Today's PC board assemblies (PCBA's) are initially manufactured under tightly controlled thermal conditions. Any paradigm for reworking those boards should replicate the thermal curve under which the board was originally manufactured. The late Dr. Charles L. Hutchins wrote in his text book: "The time-temperature profile (in SMT rework) should be similar to that used for the original production reflow." By duplicating the processes and thermal conditions under which boards are manufactured, reliable and quality rework will permit PCBA's to be put back in service with confidence. The model for good rework has always been the production processes. (See Chart.)

In 1995, two design engineers (David Jacks and Randy Walston) from two of the world's largest soldering equipment firms began to publicly chastise the global PCB industry for not including pre-heating at the bench.


Challenging the old paradigm, Jacks took Hutchins' words seriously.  He began national lectures on what he dubbed "The Great Double Standard" between thermal profiles demanded in initial production and those excused at the bench. In 1996, Jacks and Walston formed Zephyrtronics to develop and market low temperature rework equipment for the electronics industry. The paradigm shifted.

This shamed the big established soldering station companies. Zephyrtronics, a small, upstart entrepreneurial company in Southern California rewrote all the rules for PCB rework and changed the world.

See the Basic Science of Successful PCB Benchtop Soldering & Rework

Reflow Profiles for Production and Bench Prototyping & Rework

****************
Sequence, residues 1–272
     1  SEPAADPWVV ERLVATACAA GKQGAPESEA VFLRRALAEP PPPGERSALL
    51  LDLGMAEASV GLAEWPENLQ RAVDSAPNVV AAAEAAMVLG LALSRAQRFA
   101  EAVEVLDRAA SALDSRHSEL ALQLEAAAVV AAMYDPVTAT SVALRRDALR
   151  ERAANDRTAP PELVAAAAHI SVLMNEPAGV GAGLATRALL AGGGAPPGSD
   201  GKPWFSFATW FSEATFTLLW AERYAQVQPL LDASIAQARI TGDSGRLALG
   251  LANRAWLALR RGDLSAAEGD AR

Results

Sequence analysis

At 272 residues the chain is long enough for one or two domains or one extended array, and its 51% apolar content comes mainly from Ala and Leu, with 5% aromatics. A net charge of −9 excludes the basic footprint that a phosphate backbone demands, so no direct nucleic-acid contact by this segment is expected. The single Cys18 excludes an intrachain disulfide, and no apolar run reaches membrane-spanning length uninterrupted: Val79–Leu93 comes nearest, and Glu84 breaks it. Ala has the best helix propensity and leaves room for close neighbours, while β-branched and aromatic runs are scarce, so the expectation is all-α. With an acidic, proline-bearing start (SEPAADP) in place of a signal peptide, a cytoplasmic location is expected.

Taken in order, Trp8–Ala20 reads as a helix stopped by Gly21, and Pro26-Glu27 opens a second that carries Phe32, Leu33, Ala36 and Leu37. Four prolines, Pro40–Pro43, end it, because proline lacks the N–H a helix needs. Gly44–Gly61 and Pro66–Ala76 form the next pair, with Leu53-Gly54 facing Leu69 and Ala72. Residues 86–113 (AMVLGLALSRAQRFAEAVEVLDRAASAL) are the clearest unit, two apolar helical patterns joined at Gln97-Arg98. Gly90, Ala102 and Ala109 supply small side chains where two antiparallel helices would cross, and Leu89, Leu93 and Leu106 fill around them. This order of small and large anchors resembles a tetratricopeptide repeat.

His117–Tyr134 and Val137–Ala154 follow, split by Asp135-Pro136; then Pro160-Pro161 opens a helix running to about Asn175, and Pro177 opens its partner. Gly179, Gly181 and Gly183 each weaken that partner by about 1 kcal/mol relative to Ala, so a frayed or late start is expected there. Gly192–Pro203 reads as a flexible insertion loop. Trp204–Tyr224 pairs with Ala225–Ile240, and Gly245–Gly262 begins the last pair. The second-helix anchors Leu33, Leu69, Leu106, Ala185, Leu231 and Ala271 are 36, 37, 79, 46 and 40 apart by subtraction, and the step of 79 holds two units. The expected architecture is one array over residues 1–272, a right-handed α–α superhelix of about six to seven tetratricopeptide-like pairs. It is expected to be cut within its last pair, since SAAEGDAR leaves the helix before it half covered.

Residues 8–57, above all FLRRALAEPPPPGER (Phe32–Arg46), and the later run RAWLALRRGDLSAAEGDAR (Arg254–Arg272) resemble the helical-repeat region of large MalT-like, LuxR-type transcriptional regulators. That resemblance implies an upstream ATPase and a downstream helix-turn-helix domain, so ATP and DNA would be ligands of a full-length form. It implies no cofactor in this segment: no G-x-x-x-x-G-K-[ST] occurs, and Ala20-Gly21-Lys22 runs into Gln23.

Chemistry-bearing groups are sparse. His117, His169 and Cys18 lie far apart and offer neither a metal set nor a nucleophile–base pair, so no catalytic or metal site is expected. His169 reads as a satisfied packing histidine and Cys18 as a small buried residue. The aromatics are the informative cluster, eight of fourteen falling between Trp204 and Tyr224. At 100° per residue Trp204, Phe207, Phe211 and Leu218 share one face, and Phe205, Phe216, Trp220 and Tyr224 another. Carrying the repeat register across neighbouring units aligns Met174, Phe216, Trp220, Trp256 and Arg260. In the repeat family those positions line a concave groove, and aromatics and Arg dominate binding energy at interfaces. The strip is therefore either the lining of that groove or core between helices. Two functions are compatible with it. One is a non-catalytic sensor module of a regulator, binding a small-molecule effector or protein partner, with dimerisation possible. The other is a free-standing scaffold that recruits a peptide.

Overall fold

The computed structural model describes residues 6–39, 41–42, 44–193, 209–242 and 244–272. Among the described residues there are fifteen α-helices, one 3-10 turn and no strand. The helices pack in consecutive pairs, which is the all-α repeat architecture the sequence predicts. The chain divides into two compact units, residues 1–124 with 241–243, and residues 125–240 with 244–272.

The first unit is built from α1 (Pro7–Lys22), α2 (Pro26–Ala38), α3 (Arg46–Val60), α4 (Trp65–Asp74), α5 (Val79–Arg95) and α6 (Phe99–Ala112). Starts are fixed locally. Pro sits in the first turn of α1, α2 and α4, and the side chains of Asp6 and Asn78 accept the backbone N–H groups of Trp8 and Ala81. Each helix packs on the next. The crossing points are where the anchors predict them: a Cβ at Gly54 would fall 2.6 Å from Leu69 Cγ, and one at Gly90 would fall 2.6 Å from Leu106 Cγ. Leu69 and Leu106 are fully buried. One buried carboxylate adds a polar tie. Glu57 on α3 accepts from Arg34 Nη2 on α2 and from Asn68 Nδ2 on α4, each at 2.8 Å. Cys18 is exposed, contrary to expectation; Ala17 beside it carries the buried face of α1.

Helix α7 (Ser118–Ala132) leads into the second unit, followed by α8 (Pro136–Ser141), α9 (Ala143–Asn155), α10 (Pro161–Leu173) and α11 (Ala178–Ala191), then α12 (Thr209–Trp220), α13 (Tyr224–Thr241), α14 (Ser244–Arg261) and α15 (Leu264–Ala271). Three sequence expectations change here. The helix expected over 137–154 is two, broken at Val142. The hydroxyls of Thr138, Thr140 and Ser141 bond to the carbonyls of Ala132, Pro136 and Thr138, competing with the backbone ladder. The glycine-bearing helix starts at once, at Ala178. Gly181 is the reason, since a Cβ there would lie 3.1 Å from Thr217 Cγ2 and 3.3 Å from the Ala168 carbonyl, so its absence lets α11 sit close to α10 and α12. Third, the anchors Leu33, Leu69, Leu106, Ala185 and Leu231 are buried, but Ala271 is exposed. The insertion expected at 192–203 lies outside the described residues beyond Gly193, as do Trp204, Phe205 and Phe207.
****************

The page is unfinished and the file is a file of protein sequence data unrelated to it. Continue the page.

This Chart by David Jacks was first published in SMT Magazine and has since been used as a helpful guide by firms including Lockheed, Boeing and Hughes Aerospace.


Benchtop rework tools should duplicate the thermal conditions found in reflow ovens. The PCBA must be ramped up at 2-4°C per second and preheated to a temperature of 300°F for a period of up to 1 minute; as with reflow ovens. Jacks pointed out the many benefits of following that example, "Preheating the assembly activates the flux, removes extraneous volatiles from the flux, brings the metals to be soldered up to solder wetting temperatures, and elevates the temperature of the assembly in order to prevent thermal shock during exposure to the molten solder." And this cleansing from the activation of the flux just prior to reflow enhances the wetting process.

1.4 Preheating is Essential. Jacks taught "Preheating of the board at a lower temperature will prevent thermal shock, eliminating the fracturing which may otherwise result from the higher heat required to remove the target component.”


Different components on a board expand at different rates when high heat is applied. The resulting thermal discrepancies within the assembly create thermo-mechanical stresses which can and can cause embrittling, fracturing and cracking of those materials of lower thermal expansion rates such as chip capacitors and resistors. See the technical paper “Two Critical Benchtop Processes: Preheating and Post-Cooling.

The World's First AirBath convective bottom-side pre-heater made the theory of preheating during rework into reality. Where hot plates failed, the air bath succeeded. There were no longer any excuses not pre-heating PCB's prior to rework.

With the AirBath™, the preheating revolution began and the paradigm shifted, but there was still yet one more amazing contribution to the PCB benchtop: Using low temp solder alloy to remove the SMD.


1.5 Using Low Temp Alloys for DeSoldering. Removing electronic components through the introduction of a targeted application of low temperature melting solder alloys had first been heralded and successfully proven practical as early as in the 1970's. Joseph Funari and William C. Ward are the most notable early proponents of the concept. Essentially, they proved that PCB devices could be de-soldered through metallurgy rather than high heat as in the past. Metallurgy is the science of mixing different metals together and can be used to remove any SMD from any assembly.

See How to Desolder Chips at 150°c